While Investors Wondered About the Recovery, Real Estate Stocks Had Long Rallied
Published by Jordan Girard on May 17th, 2021
If you are involved in real estate, you may have felt like you were a part of two separate stories. While headlines were highlighting cash-strapped businesses, unoccupied city blocks, and record-high residential vacancies, real estate stocks were rallying or beating their pre-COVID levels. Indeed, while most investors were questioning the recovery's speed, real estate stocks had already rallied.
Recovery: Stock Market Preceded On-the-Ground Investors
By and large, most broad indicators of a real estate recovery were not positive until the end of January 2021, which marks the national vaccine rollout. Home sales were a bright spot in many metro areas, but that price increase was primarily due to tight supply. While home prices went up, the inventory was artificially low.
However, in non-residential real estate, the market was grim. A record 12,200 stores shuttered their doors permanently across the country. Everyone expected significantly reduced demand for office space. Harvard Business School professor Ashley Whillans even rebranded the 9-to-5 calling it the 3-2-2 (3 days in the office, 2 days at home, and 2 days off). Overall, the pandemic was nine times worse than 9/11 for the hotel industry. As Barron’s put it: "Few stocks were hit as hard as real estate investment trusts."
But in Q4 2020, when most industries still wondered about their ability to absorb the financial burden brought by the pandemic, real estate investment trusts (REITs) started flourishing.
Simon Property Group (Ticker: SPG), the U.S. leader in retail, was trading around $140/share in February 2020. Immediately following the announcement of a U.S. shutdown, the stock price fell to $48, a market cap loss of a whopping $25 billion. By January 2021, while the U.S. had lost over 12,000 retail locations, the stock price reached $93/share, up 93%. As of May 2021, shares of SPG have crossed above the average analyst 12-month target price of $114.50, changing hands for $124/share.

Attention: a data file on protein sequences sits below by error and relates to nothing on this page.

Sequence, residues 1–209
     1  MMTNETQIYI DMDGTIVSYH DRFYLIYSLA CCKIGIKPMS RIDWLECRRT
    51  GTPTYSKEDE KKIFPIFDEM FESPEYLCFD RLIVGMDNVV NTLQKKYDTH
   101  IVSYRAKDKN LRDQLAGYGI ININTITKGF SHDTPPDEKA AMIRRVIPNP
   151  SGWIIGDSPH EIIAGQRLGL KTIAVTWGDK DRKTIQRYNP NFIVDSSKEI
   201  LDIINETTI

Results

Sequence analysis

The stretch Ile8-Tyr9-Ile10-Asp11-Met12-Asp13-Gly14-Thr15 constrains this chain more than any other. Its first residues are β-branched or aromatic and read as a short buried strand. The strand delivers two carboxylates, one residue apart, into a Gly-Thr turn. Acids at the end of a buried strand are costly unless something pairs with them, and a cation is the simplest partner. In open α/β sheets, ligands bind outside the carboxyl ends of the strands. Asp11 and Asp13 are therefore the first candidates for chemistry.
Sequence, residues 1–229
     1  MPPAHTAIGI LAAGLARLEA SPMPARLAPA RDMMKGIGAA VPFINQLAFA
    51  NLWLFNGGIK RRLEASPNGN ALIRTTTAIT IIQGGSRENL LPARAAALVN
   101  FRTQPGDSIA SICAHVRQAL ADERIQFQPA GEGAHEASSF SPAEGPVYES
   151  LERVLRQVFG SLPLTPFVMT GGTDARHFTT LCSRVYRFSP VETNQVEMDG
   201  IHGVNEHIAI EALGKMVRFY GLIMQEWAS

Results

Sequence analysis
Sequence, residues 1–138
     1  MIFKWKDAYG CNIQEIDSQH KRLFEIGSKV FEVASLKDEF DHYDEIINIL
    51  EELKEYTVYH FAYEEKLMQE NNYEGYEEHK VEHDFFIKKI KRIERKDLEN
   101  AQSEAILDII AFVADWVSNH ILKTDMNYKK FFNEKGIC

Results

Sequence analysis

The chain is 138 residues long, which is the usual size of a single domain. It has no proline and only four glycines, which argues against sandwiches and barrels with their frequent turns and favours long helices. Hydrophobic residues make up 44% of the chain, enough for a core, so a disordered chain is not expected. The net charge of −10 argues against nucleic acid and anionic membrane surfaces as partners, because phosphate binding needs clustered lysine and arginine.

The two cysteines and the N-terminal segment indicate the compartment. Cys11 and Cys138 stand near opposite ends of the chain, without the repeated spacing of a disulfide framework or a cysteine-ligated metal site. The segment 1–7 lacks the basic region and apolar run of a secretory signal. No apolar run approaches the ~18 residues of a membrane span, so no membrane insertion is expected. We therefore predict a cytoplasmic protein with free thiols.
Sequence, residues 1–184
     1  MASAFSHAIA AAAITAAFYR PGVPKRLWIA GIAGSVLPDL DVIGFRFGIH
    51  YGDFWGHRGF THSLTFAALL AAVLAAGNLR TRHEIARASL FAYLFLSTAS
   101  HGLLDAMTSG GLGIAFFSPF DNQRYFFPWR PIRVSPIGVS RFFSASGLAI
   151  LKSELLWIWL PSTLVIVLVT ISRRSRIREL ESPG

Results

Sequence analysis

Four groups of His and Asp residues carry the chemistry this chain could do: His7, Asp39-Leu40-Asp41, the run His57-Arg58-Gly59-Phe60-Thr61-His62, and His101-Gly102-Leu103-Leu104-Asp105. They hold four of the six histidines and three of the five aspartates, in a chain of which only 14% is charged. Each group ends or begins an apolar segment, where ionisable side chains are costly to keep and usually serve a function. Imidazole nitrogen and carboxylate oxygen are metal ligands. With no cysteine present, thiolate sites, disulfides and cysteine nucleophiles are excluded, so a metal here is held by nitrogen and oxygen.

SL Green Realty (Ticker: SLG), NYC's largest commercial landlord, also mounted a first-quarter comeback despite all expectations. The stock was trading around $96 in February 2020 before falling to $39 in April 2020. The stock reached $77 in mid-March 2021 while the average office occupancy in the 10 largest U.S. cities for the week ended March 24 was as low as 24.2%.
Finally, Ryman Hospitality Properties (Ticker: RHP) was trading at around $91/share in February 2020. It fell to $21 in April 2020 upon the realization that leisure and business travel was going to come to a halt for an indefinite amount of time. As of March 2021, the stock was trading above $80/share, which compares to its 2019 level.
Now more than ever, REITs are making up for the lost time. They became highly indicative of the broader market’s optimism and bet for an outstanding 2021-2022 recovery, which is now clearer than ever before (we covered the New York recovery in our last blog post available here).